Valerie: I think we do have a great shot. I have spoken to several realtors this year, who have seen people moving here from all across the country, from California to New York, as close as Illinois and Kentucky, but people are starting to relocate to smaller communities. I’m sure there’s a large number of factors that play into that, but they are choosing to be here.
In my role, I’m always trying to meet new people. When I meet them, I want to know their story, I want to know why they moved here, did they have any challenges with relocation? Could they find a home? I’ve been pleased to hear so much positive feedback about people who have relocated to Wayne County, and just love the community, they love the people, they feel that they fit in, they can make a difference, and they can be engaged.
Chris: It seems like that’s a place where that community pride that you referenced earlier that really comes into play. It’s one thing for someone to be talking to an economic development professional who is in your job, and you spend a lot of time thinking about that. It’s another thing for them to have a conversation with a server at a local restaurant or someone they pass on the street about what’s it like to live here. I know we’ve talked about ways to help people who already live here, see the importance of reflecting back to visitors, people passing through tourists, the things that they love about their community. I know the Home in Wayne may not be the particular vehicle for doing that, but how do you think we’re doing on that community pride angle and helping people who are here feel excited about what we have, excited about what’s coming?
It seems like it’s been a year where we struggled with that just for many reasons, but where do you think we’re headed there?
Valerie: That’s a good question. Just as I feel like we’re making some headway, all it takes is to get on Facebook and read some comments on an issue, and it feels like it sets us back. I don’t really know, it’s really hard to tell. I think it depends on individuals’ circumstances and how happy they are in their own life, how much they’re working towards creating their own happiness, rather than relying on others to do so for them. There’s just so much that plays into how people feel about the place in which they live. I think that’s a hard question to answer.
Chris: Let’s talk about the housing study real quick too, which we’ve mentioned a couple of times now. You’ve mentioned that that is a piece that people look at when they come to town, it’s a piece where there are some gaps right now. What will this study cover? What do you think we’ll be able to do with the results that come from it?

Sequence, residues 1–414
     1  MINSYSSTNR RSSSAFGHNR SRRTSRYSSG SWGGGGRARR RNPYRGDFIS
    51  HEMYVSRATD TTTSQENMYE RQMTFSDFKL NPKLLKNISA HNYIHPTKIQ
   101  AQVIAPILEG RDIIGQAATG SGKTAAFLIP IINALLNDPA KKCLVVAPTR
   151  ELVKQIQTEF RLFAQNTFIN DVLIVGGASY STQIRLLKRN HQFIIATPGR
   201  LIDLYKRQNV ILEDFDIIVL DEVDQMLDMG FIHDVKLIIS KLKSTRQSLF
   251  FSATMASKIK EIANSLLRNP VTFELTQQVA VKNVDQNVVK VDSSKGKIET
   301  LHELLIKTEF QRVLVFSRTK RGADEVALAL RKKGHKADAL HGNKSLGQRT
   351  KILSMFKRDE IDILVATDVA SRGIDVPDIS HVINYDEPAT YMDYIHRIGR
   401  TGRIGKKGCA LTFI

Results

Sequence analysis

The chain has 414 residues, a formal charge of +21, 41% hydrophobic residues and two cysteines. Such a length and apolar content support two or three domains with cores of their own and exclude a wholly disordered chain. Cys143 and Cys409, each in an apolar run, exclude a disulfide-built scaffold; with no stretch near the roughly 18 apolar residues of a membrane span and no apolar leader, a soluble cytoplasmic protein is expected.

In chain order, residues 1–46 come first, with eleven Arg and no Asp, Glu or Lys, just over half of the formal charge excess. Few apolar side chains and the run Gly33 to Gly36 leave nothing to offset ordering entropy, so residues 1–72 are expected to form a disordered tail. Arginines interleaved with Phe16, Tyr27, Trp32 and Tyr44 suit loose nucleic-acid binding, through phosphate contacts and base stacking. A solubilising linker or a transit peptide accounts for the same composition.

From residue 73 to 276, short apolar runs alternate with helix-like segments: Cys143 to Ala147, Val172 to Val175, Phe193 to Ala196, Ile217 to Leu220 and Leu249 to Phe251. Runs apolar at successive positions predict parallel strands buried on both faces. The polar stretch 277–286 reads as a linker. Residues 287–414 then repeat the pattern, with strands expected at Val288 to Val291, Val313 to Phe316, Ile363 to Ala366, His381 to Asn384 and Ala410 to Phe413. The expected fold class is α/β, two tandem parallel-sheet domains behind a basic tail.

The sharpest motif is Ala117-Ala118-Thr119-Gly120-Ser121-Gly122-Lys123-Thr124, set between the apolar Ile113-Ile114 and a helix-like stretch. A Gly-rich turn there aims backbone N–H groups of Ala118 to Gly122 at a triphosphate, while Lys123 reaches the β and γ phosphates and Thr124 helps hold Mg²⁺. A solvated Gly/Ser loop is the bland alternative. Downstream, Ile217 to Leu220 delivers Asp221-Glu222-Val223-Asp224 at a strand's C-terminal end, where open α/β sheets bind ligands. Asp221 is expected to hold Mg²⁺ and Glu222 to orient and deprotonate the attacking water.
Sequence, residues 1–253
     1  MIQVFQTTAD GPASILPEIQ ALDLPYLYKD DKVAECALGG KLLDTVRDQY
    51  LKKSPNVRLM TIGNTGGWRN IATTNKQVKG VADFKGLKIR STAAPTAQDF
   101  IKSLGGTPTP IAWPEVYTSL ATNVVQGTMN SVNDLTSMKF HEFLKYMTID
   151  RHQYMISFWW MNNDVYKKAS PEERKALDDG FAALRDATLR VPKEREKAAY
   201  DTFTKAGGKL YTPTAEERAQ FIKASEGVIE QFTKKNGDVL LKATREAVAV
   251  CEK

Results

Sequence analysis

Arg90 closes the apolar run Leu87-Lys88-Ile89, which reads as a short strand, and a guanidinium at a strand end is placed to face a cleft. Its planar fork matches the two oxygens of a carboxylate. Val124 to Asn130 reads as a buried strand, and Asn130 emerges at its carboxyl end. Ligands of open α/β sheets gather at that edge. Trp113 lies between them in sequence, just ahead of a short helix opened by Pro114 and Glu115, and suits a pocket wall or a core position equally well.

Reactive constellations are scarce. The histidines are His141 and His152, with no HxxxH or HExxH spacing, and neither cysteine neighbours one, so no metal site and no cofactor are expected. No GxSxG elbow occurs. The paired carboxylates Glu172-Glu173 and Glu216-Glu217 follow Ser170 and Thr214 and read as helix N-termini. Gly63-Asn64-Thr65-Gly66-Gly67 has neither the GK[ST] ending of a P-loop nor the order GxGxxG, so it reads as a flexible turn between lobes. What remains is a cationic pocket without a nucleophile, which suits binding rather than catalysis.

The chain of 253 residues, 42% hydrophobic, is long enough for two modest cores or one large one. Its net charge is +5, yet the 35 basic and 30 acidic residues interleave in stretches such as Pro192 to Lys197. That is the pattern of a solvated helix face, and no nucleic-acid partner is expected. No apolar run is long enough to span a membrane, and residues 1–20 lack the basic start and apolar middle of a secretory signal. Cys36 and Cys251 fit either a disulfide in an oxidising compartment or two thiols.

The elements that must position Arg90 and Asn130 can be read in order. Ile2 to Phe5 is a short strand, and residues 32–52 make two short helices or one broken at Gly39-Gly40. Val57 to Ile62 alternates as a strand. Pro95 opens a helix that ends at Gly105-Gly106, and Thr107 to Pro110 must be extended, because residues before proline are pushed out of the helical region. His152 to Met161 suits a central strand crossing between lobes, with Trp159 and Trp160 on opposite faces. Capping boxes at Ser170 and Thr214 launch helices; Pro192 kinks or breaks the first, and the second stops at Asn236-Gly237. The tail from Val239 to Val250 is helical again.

Valerie: Well, what we learned from the process of sending out a request for proposals for the redevelopment of the Elder-Beerman building, is that the major developers that we were reaching out to trying to seek their interest, they just didn’t know enough about our market. We had that time and time again. We feel like we need a more in-depth analysis on our local housing and our local economy to give investors the confidence to invest multi-millions of dollars into our community.
We were fortunate enough to find a company called Tracy Cross & Associates. They are housing economists. They have vast experience in doing these types of analyses for either individual building projects, to see if an investor can receive a return on investment, or for communities who are trying to determine what the opportunities are. Tracy Cross & Associates, they’re already underway and collecting data about Wayne County.
The point of this study is going to be, really we’re going to be able to know what types of housing units, how many of those housing units, the cost of those units that our community can support, and it will be broken down by community. We will know what Richmond can handle, Cambridge City, Centerville, Hagerstown, Fountain City, so that we can be really focused on development opportunities within all of our communities. Then try to match those opportunities with the right size developers who will have greater competence in our market, and be willing to, hopefully, find a project that fit.
Chris: Again, maybe using the Elder-Beerman building as an example, if you’re talking to a developer who is considering investing millions of dollars in second storey housing units, do they care most about what kind of rent they’ll be able to charge? Do they care most about how many people are looking for housing, what the square footage price per square foot is? What’s the thing that they might look at where they can say, “Oh, okay, now I see the opportunity here, and I’m going to invest in it.”?